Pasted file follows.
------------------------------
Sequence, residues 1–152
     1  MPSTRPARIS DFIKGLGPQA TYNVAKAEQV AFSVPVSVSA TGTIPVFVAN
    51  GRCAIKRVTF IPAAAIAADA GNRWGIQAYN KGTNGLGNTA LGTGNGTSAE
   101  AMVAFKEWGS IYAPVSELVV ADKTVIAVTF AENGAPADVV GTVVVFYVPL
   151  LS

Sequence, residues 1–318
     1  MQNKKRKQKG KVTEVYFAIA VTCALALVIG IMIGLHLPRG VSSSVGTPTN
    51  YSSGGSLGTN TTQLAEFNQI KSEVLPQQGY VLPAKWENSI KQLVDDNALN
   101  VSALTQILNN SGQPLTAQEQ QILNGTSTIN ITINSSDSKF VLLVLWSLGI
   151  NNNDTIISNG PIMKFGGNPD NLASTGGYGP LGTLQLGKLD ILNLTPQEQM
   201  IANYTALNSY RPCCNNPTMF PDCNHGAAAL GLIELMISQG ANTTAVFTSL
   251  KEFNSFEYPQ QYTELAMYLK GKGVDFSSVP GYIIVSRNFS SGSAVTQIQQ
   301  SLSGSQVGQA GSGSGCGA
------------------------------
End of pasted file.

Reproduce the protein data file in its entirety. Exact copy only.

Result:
Sequence, residues 1–152
     1  MPSTRPARIS DFIKGLGPQA TYNVAKAEQV AFSVPVSVSA TGTIPVFVAN
    51  GRCAIKRVTF IPAAAIAADA GNRWGIQAYN KGTNGLGNTA LGTGNGTSAE
   101  AMVAFKEWGS IYAPVSELVV ADKTVIAVTF AENGAPADVV GTVVVFYVPL
   151  LS

Sequence, residues 1–318
     1  MQNKKRKQKG KVTEVYFAIA VTCALALVIG IMIGLHLPRG VSSSVGTPTN
    51  YSSGGSLGTN TTQLAEFNQI KSEVLPQQGY VLPAKWENSI KQLVDDNALN
   101  VSALTQILNN SGQPLTAQEQ QILNGTSTIN ITINSSDSKF VLLVLWSLGI
   151  NNNDTIISNG PIMKFGGNPD NLASTGGYGP LGTLQLGKLD ILNLTPQEQM
   201  IANYTALNSY RPCCNNPTMF PDCNHGAAAL GLIELMISQG ANTTAVFTSL
   251  KEFNSFEYPQ QYTELAMYLK GKGVDFSSVP GYIIVSRNFS SGSAVTQIQQ
   301  SLSGSQVGQA GSGSGCGA